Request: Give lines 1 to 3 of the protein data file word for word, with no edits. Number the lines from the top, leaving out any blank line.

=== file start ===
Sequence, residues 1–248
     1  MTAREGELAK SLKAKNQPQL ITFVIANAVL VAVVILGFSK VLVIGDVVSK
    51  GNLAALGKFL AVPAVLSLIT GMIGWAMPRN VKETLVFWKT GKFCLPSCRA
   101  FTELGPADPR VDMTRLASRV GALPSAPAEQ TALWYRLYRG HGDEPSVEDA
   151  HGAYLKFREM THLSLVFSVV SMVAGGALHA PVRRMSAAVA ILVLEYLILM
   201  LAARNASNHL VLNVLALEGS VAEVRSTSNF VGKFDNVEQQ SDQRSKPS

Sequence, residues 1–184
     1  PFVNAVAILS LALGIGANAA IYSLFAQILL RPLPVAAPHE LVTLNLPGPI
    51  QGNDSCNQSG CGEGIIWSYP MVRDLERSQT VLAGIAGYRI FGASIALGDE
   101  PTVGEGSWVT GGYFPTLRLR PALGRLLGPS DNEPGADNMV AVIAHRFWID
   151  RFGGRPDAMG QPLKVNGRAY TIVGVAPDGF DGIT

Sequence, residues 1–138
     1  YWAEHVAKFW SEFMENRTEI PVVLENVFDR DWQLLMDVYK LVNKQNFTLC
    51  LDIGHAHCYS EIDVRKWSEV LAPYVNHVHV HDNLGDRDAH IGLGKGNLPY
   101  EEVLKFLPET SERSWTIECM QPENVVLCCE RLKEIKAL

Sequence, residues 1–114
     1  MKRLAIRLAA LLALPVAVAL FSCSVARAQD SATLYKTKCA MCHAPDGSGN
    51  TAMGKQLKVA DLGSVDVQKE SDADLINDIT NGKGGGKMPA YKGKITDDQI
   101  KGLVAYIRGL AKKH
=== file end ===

Sequence, residues 1–248
     1  MTAREGELAK SLKAKNQPQL ITFVIANAVL VAVVILGFSK VLVIGDVVSK
    51  GNLAALGKFL AVPAVLSLIT GMIGWAMPRN VKETLVFWKT GKFCLPSCRA